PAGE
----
Safety on our Roadways: Service Hour Guidelines for Truck Drivers
Every day we share crowded highways with work commuters, e-commerce deliverers, ride-share drivers, school and metro bus drivers and large commercial truck drivers, among others. Motorists use these roadways for a multitude of purposes. Yet if they have anything in common, it is to arrive at their destination without incident. Safety affects everyone on the road.
Among the more potentially dangerous vehicles are large trucks. By definition, a large truck is defined as having a gross vehicle weight rating (GVWR) of more than 10,000 pounds. Weighing as much as four or more times the average car, large trucks are also vastly longer and wider. When a truck of this size crashes with a car or another vulnerable road user, the outcome is often catastrophic.
In an effort to protect against dangerous and deadly truck crashes, the U.S. Department of Transportation sets out detailed service hour guidelines for truck drivers to follow. States have adopted the federal rules along with intrastate tolerance guidelines. These guidelines give States flexibility while making sure safety is maintained.
Duty Periods of Truck Drivers
Federal and state regulations define duty periods for truck drivers. Each duty period is 14 hours long which is comparable to a workday. A work period, or work week, lasts for 7-days. Drivers can work seven consecutive days in a row so long as they break for at least 34 hours in a row before starting another 7-day work period.
First issued in the U.S. in 1937, Hours-Of-Service (HOS) regulations were established to promote safety in the trucking industry and on the nation’s highways. Their goal was – and remains so today – to ensure commercial truck drivers are rested and not overworked. They restrict the hours drivers can drive and mandate specific breaks.
Today, HOS rules for property-carrying drivers are defined by the Federal Motor Carrier Safety Administration (FMCSA). Hours are tracked using an Electronic Logging Device (ELD) which is in every commercial motor vehicle. Here are Hours-Of-Service rules for duty periods:
- 11-Hour Driving Limit: a driver may drive a maximum of 11 hours after 10 consecutive hours off duty.
- 14-Hour Limit: a driver may not drive beyond the 14th consecutive hour after coming on duty, following 10 consecutive hours off duty. Off-duty time includes getting fuel, unloading or other non-driving activities.
- 30-Minute Driving Breaks: A driver must take a 30-minute break when they have driven for a period of 8 cumulative hours without at least a 30-minute interruption. The break may be satisfied by any non-driving period of 30 consecutive minutes (i.e., on-duty not driving, off-duty, sleeper berth, or any combination of these taken consecutively).
- 60/70-Hour Limit: A driver may not drive after 60/70 hours on duty in 7/8 consecutive days. A driver may “restart” a 7/8 consecutive day period after taking 34 or more consecutive hours off duty.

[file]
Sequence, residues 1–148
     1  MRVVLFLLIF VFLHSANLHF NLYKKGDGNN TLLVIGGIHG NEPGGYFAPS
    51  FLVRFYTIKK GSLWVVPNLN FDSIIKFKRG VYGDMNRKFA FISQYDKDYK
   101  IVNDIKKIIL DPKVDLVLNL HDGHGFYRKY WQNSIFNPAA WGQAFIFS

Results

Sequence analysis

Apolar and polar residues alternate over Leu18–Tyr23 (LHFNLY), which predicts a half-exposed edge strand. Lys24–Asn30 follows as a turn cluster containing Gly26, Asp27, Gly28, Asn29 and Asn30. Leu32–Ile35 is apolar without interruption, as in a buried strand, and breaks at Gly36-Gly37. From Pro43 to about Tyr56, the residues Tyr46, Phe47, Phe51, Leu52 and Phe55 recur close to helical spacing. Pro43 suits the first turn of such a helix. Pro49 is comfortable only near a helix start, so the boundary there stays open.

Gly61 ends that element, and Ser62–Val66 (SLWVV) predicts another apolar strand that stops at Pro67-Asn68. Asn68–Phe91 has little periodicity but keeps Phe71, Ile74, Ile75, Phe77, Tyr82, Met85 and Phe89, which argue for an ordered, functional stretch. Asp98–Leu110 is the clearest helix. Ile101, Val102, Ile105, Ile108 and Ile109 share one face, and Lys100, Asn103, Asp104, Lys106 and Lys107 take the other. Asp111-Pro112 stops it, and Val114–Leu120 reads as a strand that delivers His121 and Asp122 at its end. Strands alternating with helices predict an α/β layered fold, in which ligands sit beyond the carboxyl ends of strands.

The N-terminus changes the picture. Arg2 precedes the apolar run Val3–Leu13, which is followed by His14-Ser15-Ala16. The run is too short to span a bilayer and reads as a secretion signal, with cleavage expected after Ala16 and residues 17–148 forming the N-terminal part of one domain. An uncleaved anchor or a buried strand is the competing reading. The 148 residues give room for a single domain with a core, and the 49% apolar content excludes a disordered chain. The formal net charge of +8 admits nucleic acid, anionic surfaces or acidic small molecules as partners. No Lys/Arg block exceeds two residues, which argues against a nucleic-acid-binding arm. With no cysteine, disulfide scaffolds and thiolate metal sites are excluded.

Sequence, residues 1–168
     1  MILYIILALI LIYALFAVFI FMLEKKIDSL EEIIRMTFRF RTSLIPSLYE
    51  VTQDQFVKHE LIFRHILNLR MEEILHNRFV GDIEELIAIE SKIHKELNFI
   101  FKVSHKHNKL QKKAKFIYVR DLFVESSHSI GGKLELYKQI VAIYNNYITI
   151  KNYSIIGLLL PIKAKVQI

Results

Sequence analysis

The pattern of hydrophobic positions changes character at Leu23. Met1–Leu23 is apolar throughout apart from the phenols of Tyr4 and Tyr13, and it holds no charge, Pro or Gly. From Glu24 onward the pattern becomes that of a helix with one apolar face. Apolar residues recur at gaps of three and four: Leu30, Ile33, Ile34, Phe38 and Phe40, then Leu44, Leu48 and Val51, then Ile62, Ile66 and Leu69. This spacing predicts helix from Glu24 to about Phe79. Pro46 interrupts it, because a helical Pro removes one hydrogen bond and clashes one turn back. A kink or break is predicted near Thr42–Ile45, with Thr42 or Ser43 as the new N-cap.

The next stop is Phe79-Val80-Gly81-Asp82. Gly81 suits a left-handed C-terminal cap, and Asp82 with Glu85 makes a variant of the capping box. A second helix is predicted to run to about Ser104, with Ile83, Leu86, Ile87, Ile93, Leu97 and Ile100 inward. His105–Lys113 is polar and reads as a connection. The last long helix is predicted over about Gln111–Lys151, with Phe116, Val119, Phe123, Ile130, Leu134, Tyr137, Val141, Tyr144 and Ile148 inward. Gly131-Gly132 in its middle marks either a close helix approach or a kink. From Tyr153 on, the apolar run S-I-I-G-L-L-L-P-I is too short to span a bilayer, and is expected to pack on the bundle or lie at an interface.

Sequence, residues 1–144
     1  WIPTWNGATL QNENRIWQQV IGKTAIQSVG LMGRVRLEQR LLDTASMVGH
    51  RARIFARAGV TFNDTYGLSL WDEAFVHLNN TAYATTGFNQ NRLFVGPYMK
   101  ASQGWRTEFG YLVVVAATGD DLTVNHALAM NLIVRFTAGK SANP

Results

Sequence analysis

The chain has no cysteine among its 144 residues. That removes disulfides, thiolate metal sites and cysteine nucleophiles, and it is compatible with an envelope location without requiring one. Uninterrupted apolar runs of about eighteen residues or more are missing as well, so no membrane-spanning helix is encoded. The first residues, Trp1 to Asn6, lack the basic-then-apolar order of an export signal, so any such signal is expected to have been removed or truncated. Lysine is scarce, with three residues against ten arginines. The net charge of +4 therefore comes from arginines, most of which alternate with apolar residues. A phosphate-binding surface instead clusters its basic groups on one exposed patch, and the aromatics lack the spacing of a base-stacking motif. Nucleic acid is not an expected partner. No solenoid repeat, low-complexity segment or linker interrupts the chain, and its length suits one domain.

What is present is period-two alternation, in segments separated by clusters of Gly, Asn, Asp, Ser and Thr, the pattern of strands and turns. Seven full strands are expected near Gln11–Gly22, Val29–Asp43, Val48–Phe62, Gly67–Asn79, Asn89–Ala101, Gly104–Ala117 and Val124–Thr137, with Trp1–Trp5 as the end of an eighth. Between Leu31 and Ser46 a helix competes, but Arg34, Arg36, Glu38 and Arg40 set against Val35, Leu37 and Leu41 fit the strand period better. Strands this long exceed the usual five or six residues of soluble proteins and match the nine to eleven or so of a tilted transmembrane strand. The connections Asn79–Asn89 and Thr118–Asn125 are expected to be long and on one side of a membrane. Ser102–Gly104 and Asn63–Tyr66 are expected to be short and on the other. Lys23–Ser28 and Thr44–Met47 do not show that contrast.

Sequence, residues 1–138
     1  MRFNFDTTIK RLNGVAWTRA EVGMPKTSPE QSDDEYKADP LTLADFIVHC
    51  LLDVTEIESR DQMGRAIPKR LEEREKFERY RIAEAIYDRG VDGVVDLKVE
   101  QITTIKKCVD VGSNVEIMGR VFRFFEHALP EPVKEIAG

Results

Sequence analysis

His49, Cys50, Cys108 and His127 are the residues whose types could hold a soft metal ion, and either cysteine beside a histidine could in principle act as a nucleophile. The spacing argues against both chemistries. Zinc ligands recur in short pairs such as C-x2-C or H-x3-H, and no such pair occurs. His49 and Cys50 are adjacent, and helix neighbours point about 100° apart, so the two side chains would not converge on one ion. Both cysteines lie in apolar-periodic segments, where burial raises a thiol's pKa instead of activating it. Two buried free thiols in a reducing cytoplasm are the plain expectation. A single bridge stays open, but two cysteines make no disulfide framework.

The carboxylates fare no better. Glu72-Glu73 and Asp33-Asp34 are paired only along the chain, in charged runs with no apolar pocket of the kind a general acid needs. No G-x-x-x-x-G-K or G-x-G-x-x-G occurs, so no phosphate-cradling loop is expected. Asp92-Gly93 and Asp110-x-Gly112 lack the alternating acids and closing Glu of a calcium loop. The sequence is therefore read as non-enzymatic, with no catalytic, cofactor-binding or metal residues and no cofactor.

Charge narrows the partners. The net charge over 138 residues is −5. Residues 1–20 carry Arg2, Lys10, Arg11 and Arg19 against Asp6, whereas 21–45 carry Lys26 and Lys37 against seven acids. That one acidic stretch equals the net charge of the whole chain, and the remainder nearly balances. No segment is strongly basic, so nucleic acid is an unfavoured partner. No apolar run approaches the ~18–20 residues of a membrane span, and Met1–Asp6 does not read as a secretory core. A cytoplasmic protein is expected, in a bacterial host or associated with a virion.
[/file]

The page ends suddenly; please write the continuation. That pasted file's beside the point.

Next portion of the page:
- Sleeper Berth Provision: A driver may split their required 10-hour off-duty period, as long as one off-duty period (whether in or out of the sleeper berth) is at least 2 hours long and the other involves at least 7 consecutive hours spent in the sleeper berth. All sleeper berth pairings must add up to at least 10 hours.
A Typical Schedule
Let’s say Gus starts his work week on Saturday, January 1 at 8:00 p.m. Within the next 7-day work period, Gus’ schedule could look like this:
- Gus starts driving his truck at 8:00 p.m. on Saturday;
- He drives until 4:00 a.m. on Sunday (8 hours);
- At 4:00 a.m. he must take a 30-minute break;
- Gus drives from 2:30 a.m. until 7:30 a.m. (3 hours);
- By 7:30 a.m., Gus has reached his destination and the requisite 11 hours;
- Gus has 3 remaining hours in his 14-hour duty period for non-driving activities;
- After 14 hours, Gus’s duty period is over;
- Gus must take 10 hours off work before he starts the next duty period;
- This 7-day work period will officially end on Saturday, January 8 at 8:00 p.m.;
- His next 7-day work period cannot begin before Monday, January 11 at 6:00 a.m. (at least 34 hours later).
Exceptions and Penalties
Exceptions to hours-of-service rules are made when a driver faces adverse conditions from weather, traffic or issues with the road. The driver is allowed to tack on up to two hours of extra time. Another exception is made for short-haul trips within a 150-mile radius. Rules are more restrictive for vehicles carrying passengers as compared to those carrying property. For instance, the 11-hour driving limit for property-carrying drivers is a 10-hour limit for passenger-carrying drivers.
Penalties are assessed when rules are broken. They include fines, a downgraded safety rating, and revocation of the driver’s license.
The truck driving industry has a heightened responsibility to maintain safe practices on our highways. Given the size and weight of their large trucks, the consequences of driving while fatigued or under pressure can lead to severe and fatal injuries. As e-commerce sales continue to grow rapidly and large amounts of freight are transported across the country every day, roadway safety is as important as ever. Adhering to safety standards and guidelines is an important way truck drivers can contribute to preventing injuries and saving lives.